Although the specific role of live streaming platforms such as Twitch in coping with difficult periods has not previously been researched, several related research avenues do indicate that there are people active on the platform that are going through a difficult time, and that Twitch has had a beneficial effect on them. For instance, in Wohn et al. (2018) viewers are quoted saying they received valuable help from streamers as well as from other viewers. This was a reason for them to provide (monetary) support to the streamer. Hilvert-Bruce et al. (2018) found that a lack of external support in real life served as a motivator for engaging more with live streams. They highlight the potential of using online communities as a way to fight loneliness, and as a safe alternative for people who struggle to engage in real-life social interactions. Participants in the study by Iacovides and Mekler (2019) also indicated that they were involved with other aspects of game culture, such as live streaming, and that the act of becoming a streamer provided social support.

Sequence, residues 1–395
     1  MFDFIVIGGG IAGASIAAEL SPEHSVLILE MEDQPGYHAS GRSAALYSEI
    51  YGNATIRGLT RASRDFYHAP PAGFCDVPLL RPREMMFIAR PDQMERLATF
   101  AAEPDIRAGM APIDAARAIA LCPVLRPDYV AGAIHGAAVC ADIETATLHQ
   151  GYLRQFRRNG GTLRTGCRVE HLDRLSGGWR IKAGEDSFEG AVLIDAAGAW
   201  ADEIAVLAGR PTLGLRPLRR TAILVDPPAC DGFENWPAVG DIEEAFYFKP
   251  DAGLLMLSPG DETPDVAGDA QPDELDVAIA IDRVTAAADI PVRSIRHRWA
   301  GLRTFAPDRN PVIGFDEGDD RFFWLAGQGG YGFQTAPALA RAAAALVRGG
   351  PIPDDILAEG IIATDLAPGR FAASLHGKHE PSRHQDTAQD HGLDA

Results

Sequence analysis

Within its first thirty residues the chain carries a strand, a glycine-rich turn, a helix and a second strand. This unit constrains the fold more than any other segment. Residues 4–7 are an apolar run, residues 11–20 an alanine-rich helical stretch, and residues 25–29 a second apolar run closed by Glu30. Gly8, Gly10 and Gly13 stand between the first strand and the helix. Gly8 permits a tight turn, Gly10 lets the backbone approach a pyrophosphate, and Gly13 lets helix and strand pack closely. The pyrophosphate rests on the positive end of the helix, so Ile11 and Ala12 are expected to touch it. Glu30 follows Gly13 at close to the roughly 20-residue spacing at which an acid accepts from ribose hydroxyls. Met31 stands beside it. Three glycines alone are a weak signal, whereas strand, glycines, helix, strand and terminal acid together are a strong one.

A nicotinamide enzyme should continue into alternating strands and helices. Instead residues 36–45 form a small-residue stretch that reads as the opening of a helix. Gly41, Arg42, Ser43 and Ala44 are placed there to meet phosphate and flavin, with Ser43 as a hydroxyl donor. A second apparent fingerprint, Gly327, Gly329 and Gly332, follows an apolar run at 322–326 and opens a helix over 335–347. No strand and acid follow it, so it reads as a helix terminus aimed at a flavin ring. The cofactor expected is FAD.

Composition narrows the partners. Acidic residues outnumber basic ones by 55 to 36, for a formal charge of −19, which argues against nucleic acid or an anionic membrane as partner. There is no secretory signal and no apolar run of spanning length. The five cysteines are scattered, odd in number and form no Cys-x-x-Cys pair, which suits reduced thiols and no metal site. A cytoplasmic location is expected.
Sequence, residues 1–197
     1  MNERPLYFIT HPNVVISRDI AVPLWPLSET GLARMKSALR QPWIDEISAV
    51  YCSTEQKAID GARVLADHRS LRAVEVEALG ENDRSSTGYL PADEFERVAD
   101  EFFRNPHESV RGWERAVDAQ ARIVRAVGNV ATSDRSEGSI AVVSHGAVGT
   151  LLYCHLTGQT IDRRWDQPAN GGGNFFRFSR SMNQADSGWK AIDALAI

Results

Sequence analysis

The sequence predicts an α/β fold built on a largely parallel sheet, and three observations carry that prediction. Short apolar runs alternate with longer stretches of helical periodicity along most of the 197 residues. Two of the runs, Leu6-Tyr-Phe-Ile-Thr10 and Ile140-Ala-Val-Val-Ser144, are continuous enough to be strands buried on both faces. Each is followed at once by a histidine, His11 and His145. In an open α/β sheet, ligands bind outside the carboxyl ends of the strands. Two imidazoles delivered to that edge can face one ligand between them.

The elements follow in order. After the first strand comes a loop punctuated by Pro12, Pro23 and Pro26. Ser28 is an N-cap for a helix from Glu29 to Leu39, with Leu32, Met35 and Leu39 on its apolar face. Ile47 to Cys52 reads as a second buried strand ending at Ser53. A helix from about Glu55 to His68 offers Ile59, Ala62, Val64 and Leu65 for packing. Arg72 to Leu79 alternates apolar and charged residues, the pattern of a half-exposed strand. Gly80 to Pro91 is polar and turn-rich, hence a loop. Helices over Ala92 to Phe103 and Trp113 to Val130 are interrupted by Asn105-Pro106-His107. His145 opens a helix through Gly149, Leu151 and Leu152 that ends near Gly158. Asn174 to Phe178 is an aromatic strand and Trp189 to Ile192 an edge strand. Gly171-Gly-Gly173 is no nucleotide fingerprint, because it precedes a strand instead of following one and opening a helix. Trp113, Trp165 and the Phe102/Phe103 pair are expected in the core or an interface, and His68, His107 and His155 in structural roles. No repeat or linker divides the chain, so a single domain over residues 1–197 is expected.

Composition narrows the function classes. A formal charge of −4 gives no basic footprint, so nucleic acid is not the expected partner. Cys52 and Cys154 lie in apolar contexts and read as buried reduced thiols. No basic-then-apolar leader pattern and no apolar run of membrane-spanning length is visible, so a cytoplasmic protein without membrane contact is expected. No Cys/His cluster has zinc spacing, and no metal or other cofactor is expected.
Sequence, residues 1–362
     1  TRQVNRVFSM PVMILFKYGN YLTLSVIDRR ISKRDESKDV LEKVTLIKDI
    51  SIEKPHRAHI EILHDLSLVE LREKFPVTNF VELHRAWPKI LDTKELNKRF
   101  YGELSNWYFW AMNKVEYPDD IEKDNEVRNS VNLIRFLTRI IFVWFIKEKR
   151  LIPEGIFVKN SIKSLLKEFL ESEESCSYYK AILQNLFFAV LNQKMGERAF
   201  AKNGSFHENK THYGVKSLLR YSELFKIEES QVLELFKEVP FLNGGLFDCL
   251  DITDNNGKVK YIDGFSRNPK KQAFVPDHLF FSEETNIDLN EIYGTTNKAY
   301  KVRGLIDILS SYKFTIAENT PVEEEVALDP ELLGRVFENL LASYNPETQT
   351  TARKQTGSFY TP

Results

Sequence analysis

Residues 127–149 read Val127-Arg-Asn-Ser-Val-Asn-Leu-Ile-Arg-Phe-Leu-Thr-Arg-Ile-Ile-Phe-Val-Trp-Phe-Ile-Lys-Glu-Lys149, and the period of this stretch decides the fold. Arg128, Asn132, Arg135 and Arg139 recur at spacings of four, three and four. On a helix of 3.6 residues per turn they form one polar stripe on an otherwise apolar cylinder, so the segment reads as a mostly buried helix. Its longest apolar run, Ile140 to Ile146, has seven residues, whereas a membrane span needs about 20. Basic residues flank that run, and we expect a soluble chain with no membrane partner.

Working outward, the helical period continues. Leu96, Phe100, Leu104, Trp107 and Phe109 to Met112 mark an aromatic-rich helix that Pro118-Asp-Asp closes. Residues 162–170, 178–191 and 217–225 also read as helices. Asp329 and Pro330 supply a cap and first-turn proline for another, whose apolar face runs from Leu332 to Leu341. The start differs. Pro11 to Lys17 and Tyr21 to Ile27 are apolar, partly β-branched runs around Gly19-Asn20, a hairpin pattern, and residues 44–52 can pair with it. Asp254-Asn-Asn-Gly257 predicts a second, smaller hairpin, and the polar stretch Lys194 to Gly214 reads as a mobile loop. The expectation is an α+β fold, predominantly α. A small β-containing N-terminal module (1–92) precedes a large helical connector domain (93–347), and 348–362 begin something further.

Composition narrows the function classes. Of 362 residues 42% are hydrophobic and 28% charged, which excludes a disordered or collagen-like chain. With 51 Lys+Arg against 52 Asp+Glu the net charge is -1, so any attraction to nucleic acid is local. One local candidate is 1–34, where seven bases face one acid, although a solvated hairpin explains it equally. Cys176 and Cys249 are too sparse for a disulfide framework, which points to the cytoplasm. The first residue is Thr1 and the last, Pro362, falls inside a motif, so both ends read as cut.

We imagine that, compared to the general population, a relatively large number of streamers will have experienced, or is currently experiencing difficulties themselves. Most streamers are adolescents or young adults that are going through the same life transitions as the majority of their viewers. In addition, life as a streamer can be stressful and competitive in its own right (Johnson and Woodcock, 2017), so it may well be that building a career out of live streaming at a relatively young age is already a stressful life transition. Finally, live streaming can be a viable profession for people with certain mental or physical conditions, such as social anxiety, that prevent them from participating in jobs that require them to leave the house (Johnson, 2018). The parasocial relationships that form between these streamers and their viewers could put them in the position of a role model, allowing them to improve mental health awareness and literacy by opening up about their own struggles. In fact, several streamers have taken up the role as mental health advocates5, and Twitch has responded to this by creating a Mental health category of streams. The fact that Twitch is aware of streamers and viewers going through difficult times is also apparent from their dedicated page with mental health support and information6, which was developed in collaboration with Take This, a mental health organization that is active in the gaming community7.